The joy of food security


EARLIER THIS month, Vanus James, a practitioner of the dismal science of economics, penned a piece entitled the “Science of food security,” controversially concluding that food security in our island societies should be achieved by highly subsidised food production…and imports of most of our food from the rest of the world. “After all,” he chortled, “we all live on one planet.”

Indeed we do! But as this global pandemic has shown, long efficiency driven, just in time food chains collapse under the irrationality of a system that wastes 40 per cent of the food it produces and uses over 100 billion barrels of fossil fuels a day to move foodstuffs around our small blue planet that is suffering from its own GHG-induced respiratory failure.

Maybe covid19 is Earth’s way of telling us how it feels not to be able to breathe and to be locked down in ever more restrictive layers of concrete and quarantined so she cannot interact with the beautiful and bountiful biodiversity that are her friends and children.

In this context, it was a real pleasure to see a video of Prime Minister Rowley in his backyard garden, extolling the calming virtues of nurturing and nourishing seedlings, watching them grow and harvesting the fruits of his labours. His serene and joyful expression reflects those of the children the Green Market taught during our Eco Minds projects and those from the Gordon Village Youth Team, all happy and excited about food they had grown and could share.

It is not only our Prime Minister who is encouraging us to grow and eat healthy food, but news stories have captured former prime minister Basdeo Panday standing proudly displaying cabbage and cauliflower that he grew. The Leader of the Opposition and former prime minister Kamla Persad-Bissessar also produced a video of herself harvesting tomatoes and herbs.

So, the growing of food in your garden constitutes a seminal point of agreement across party lines and across generations. Consequently, food production and food security are foundational vectors in an integrated national development strategy. And importantly, a point of national unity.

PM Rowley also pointed out the “socialising” effect of garden growing. Garden growing stimulates family participation and fosters community engagement through sharing knowledge and harvests – there is always more in the garden than a single family needs.

Which brings me to the several points I would like to make:

Food security is not a science. Food security is a set of policy, production and consumption choices made by people. The pandemic involved the entire nation in procuring and distributing food to hungry citizens and may I add immigrants.

Of interest in this national reordering of food distribution for food drives was its reliance on the purchasing power of the more fortunate and the overwhelming reliance on imported foodstuffs. Ron Finley, the celebrated “gangsta” gardener from South Los Angeles, famously said, “Growing your own food is like printing your own money.”

Food security in a community, which I believe is the unit required for this discussion, demands redundancy. Communities should be capable of producing food, bottling, drying, freezing and agro-processing it, in order to have it available for the proverbial rainy day. Since rainy days now can manifest as bush fires, torrential rains and floods due to climate change, more intense hurricanes and storms, these local storehouses and community capacity in basic agriculture becomes mandatory. Of course, every day is not a rainy day! The excess food (largely unmonetised) will be generated as a tangible insurance premium.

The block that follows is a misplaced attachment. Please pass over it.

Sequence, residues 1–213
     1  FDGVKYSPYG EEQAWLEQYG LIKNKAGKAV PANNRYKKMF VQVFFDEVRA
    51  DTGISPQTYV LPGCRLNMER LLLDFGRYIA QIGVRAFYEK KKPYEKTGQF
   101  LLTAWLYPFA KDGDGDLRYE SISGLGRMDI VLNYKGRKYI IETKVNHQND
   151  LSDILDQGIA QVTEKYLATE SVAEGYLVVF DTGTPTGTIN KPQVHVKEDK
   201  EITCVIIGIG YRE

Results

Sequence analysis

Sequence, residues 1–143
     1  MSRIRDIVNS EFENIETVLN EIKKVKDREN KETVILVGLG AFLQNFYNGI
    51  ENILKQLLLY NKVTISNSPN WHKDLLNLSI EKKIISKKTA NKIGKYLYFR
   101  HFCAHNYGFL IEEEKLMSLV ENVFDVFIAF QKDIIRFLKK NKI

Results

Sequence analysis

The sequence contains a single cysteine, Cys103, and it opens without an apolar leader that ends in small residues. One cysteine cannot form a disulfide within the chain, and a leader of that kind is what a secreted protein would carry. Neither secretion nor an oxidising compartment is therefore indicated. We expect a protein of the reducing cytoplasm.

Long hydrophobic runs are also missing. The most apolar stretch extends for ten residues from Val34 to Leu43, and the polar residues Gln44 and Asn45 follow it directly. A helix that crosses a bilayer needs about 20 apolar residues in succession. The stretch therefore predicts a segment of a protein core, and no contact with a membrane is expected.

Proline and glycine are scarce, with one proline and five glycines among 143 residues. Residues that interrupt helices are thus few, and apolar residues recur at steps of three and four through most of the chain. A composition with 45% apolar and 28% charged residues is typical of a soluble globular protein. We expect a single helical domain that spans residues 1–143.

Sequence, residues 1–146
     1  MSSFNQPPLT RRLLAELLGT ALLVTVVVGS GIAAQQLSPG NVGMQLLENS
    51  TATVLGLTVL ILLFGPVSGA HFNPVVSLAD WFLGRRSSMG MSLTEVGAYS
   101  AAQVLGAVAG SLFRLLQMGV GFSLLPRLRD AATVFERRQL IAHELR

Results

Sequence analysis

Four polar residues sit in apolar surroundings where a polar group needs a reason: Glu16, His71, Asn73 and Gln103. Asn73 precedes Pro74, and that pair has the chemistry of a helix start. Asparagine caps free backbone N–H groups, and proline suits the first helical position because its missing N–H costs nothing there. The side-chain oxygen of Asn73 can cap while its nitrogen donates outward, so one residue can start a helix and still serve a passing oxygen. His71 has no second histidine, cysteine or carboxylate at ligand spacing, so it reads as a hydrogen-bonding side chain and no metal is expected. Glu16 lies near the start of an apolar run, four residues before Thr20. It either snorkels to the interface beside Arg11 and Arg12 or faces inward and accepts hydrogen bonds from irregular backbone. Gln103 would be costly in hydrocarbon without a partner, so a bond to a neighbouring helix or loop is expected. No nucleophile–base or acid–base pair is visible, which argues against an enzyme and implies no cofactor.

Growing food in urban communities will add to national food security because 53 per cent of us live in cities. If there are transport disruptions, fuel shortages, major damage to roads, communities must be able to procure food by walking to decentralised storehouses and stockpiles.

Achieving food security also compels the national community to reimagine urban landscapes so that designs include urban forestry and gardens geared to increase and preserve biodiversity. Town and Country Planning: get ready for serious repurposing of parking lots and residential communities to include watershed management and nature-based solutions to flooding and fire.

Finally, understanding how your garden grows is a science. The multidisciplinary field of agricultural science is fairly recent. The development of new crop varieties along with synthetic fertilisers and pesticides has created controversy about the environmental effects of industrialised, commodified agriculture.

Ernst Gotsch, a renowned expert of syntropic agro-forestry, explains, “We need to know the ecophysiological function of plants,” by which he means we have to understand holistically how individual plants work with the soil, the microbes and the other plants and trees in order for humans to farm in an ecologically sustainable manner. Studying how to do this is the real work for humanity as outlined by our new teacher, covid19.

I think we in TT and indeed the wider Caribbean are up to the task of creating a model for food security at the community level, through participatory democracy and relocalisation of both food production and decision-making that is simultaneously resilient, robust, healthy and delicious.

Again, it makes me and many of us joyful to see our leaders in their gardens reflecting on how plants, seemingly individual, are deeply interconnected and co-operate and collaborate with each other and their larger environment to flourish.

Vicki-Ann Assevero is the founder of the Green Market, Santa Cruz


"The joy of food security"

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